Arrowsmith Lake on Oct. 23, 2022. Screenshot is from a presentation to Parksville council’s Nov. 21 regular meeting by retired engineer Wayne Moorman.

Arrowsmith Lake on Oct. 23, 2022. Screenshot is from a presentation to Parksville council’s Nov. 21 regular meeting by retired engineer Wayne Moorman.

Parksville council hears concerns about state of city’s water supply

Delegation worried levels at Arrowsmith Dam Lake too low

Concerns over the state of Parksville’s water supply were brought up at city council’s Nov. 21 regular meeting.

The water level at Arrowsmith Dam Lake, one of the city’s water sources, is dangerously low, according to a presentation to council by retired engineer Wayne Moorman, of the Greig Greenway Society.

“The water was pretty much gone,” he said, citing a photo of the dam from October.

The dam’s reservoir, located approximately 35 kilometres south of the city, can hold up to nine million cubic metres and is used to supplement the Englishman River’s flow by releasing water during the summer and fall, according to the City of Parksville.

Moorman said the city’s water licence requires that the water flow in the Englishman River, when water is released from the reservoir between June 1 and Oct. 31, must be above 1.6 cubic metres/second. The flow is measured by a Water Survey of Canada (WSC) gauge at the Orange Bridge.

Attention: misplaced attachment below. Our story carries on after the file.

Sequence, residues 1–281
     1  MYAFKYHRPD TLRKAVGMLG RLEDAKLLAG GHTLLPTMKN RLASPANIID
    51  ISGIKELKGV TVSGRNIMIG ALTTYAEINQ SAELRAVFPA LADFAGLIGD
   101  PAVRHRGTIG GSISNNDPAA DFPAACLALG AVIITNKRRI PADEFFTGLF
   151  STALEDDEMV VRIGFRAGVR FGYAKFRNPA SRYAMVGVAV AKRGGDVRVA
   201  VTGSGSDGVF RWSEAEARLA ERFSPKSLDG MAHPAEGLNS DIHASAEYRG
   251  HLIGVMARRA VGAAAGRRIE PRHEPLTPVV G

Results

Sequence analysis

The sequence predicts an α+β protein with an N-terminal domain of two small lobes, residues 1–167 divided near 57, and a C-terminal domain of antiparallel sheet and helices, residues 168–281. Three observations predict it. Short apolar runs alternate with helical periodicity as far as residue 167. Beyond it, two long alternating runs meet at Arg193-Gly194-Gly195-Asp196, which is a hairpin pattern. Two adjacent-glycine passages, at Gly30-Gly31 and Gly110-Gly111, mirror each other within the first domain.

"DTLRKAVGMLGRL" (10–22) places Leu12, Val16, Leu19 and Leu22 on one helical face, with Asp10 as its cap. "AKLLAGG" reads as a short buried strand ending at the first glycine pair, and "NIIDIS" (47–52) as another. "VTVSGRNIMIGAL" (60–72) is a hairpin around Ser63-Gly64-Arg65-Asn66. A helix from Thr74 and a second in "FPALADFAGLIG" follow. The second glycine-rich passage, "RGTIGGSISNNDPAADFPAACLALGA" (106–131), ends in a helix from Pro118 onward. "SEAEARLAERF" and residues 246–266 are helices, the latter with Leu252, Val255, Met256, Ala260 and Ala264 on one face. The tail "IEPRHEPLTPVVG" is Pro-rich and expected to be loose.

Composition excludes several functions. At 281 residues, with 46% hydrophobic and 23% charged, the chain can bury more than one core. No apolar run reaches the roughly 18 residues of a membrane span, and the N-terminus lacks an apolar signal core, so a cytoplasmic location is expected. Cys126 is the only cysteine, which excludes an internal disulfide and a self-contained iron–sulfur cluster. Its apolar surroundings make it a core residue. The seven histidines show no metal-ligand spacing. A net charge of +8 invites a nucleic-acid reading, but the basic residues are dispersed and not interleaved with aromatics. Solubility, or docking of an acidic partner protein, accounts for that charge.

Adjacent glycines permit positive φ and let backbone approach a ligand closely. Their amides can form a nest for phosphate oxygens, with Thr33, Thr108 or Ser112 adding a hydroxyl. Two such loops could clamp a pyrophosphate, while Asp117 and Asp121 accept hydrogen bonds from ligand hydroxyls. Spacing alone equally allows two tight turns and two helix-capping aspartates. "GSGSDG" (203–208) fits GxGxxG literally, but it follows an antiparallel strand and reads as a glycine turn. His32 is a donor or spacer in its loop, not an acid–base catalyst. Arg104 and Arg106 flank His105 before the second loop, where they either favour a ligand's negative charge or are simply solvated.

The city has not be able to maintain that flow target during the summer months since the dam opened in 1999, according to Moorman.

He added that prior to the start of the rainy season, flows as a low as 0.562 cubic metres/second were recorded at the Orange Bridge gauge, even with water released from the lake, according to provisional WSC data.

As of Nov. 18, Arrowsmith Dam Lake is critically low, with its high-level outlet exposed and not functioning, according to Moorman’s presentation.

READ MORE: Public will have a chance to voice concerns over planned 800-unit Parksville development

The flow measured at the Orange Bridge was at 1.6 cubic metres/second as of Nov. 19, he added.

He expressed concern that the provisional operating rule is based on hydrology data from the 1990s and does not account for the effects of climate change.

Moorman also pointed out the city’s population increases to approximately 22,000 in the summer tourism season, according to the Parksville and District Chamber of Commerce, which places greater demand on water resources.

He called on the city to study the hydrology of the Englishman River, Arrowsmith Lake Dam and local aquifers to determine the capacity for domestic and fisheries needs before further development is considered.

Mayor Doug O’Brien thanked Moorman for his presentation and asked for a copy of the report be made available for city staff to review.

“None of us are surprised when you do this presentation, because when you walk along the Englishman River this summer, you see how dry it has been,” said Coun. Amit Gaur. “It’s almost sad, that you’re trying to revive the salmon when we know we can’t do this with the current practices we have in place.”

Parksville’s existing water licence authorizes water to be withdrawn after the hydrometric gauge located downstream of the intake. Currently water is being withdrawn upstream of the gauge — city staff are working with the province to obtain an updated water licence in 2023, according to the city’s website.

@kevinf_1988_
kevin.forsyth@pqbnews.com

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